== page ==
said, he had intended to call attention to the same point. He considered that this Bill was one which ought to be most carefully and attentively considered, inasmuch as it had the appearance, to some extent, of being an infringement on the liberty of the industrious classes. There was no country in the world in which the industrious and working classes had so little real recreation as the working classes of this country had, and we ought certainly to pause before we hastily deprived them of any little they might possess. The subject was one of very great importance, not only in such cases as the noble and learned Lord had alluded to, but also in reference to that very large class of persons who at present travelled by excursion trains on Sunday, to whom the word "traveller" was generally held not to apply. Surely it was a great hardship that these persons should not have the same advantages as other ordinary travellers, and surely it was very unjust to deprive them of the ordinary means of recreation and refreshment. Since these excursion trains had been brought into use there were many people who went down on Sunday to the seaside, arrived at their destination in time for church, and, after attending morning service, devoted the other part of the day to innocent and rational enjoyment of the country; but if we put too great restrictions on these men in the way of refreshment, we should be doing them a very great injustice, and be unnecessarily taking upon ourselves to interfere with their enjoyments. It was absolutely necessary that the meaning of the word "traveller" should be properly defined, and it was a monstrous notion that we should go out of our way to call a man by one name when he travelled for pleasure, and another when he travelled for business, and treat him in a totally different manner.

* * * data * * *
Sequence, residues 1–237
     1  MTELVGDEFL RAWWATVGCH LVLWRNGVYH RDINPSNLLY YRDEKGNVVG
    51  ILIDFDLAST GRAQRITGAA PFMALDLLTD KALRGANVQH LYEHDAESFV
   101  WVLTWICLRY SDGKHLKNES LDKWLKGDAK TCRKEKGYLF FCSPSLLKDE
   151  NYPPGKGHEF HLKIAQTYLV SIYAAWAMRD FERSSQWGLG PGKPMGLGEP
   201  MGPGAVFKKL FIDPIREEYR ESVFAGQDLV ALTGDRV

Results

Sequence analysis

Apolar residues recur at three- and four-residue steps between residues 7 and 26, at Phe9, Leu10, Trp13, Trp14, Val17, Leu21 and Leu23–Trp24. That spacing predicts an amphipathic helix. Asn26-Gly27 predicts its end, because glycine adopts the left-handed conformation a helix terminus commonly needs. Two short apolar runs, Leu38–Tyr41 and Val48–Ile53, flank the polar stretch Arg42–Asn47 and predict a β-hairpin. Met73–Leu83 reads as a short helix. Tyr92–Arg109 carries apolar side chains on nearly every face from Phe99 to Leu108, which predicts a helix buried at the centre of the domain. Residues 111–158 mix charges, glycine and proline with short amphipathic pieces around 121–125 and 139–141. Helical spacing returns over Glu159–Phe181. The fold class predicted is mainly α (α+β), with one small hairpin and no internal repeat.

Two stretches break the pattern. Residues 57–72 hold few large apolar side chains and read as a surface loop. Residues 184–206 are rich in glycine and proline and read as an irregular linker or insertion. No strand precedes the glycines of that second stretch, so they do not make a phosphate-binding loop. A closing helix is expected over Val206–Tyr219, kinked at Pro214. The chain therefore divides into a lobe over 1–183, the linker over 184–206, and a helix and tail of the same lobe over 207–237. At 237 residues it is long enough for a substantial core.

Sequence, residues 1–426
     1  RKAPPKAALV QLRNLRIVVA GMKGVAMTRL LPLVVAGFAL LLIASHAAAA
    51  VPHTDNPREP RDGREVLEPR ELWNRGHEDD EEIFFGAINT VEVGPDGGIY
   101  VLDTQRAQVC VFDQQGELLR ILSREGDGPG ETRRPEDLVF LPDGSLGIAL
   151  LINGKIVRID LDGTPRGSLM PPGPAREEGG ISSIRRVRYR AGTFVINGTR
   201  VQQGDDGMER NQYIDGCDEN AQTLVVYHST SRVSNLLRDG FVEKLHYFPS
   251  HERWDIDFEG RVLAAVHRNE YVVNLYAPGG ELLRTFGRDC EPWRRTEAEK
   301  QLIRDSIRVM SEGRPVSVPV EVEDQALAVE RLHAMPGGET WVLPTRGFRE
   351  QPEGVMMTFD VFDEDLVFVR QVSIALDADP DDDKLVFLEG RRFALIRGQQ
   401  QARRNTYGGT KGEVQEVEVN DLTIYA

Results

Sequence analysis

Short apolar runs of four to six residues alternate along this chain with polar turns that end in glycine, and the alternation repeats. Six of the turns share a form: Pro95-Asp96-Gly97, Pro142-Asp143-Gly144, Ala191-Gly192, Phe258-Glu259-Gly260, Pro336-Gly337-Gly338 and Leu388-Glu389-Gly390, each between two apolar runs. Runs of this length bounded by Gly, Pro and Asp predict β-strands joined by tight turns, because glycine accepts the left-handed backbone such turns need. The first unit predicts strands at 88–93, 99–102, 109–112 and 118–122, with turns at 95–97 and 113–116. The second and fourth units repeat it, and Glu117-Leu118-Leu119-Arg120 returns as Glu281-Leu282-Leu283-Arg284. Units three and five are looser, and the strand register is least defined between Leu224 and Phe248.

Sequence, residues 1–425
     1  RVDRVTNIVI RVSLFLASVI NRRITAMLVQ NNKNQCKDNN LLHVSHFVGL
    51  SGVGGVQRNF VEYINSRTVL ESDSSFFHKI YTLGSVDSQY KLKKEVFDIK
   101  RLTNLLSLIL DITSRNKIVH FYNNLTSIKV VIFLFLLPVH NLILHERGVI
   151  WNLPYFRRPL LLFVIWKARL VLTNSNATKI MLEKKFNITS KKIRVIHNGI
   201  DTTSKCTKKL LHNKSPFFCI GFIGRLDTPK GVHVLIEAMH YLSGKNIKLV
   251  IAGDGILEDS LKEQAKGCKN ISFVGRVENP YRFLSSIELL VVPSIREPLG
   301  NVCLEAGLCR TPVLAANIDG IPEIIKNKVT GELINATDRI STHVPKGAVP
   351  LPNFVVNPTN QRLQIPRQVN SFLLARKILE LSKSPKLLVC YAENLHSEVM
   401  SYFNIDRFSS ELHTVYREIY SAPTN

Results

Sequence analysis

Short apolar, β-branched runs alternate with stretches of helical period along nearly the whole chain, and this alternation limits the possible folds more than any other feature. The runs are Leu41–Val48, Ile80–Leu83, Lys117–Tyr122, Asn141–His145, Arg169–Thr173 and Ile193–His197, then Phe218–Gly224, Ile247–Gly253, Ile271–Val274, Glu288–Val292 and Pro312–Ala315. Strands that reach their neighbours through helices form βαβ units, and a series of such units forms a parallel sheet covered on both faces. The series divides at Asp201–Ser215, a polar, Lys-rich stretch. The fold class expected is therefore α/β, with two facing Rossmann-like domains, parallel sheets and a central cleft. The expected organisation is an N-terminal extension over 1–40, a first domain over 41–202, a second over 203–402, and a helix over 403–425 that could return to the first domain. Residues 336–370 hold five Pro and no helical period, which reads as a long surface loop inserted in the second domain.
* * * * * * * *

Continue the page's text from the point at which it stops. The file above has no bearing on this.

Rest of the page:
said, he quite understood the difficulty and doubt in reference to the general question of legislation upon that subject at all; —it was a subject of great difficulty and delicacy. At the same time he had no doubt of the immense benefit resulting to the working classes from the operation of the stringent Act already passed. A much more stringent Bill was passed last year restricting the sale of liquors in Scotland upon the Sunday, and he had lately seen remarkable statements from sheriffs of counties and magistrates of boroughs, as to the advantageous effects produced by that Act in diminishing drunkenness. He quite concurred with the noble Marquess in thinking that they ought not to interfere with the amusements and recreations of the working classes; at the same time he did not think that the going into beer-houses was a recreation.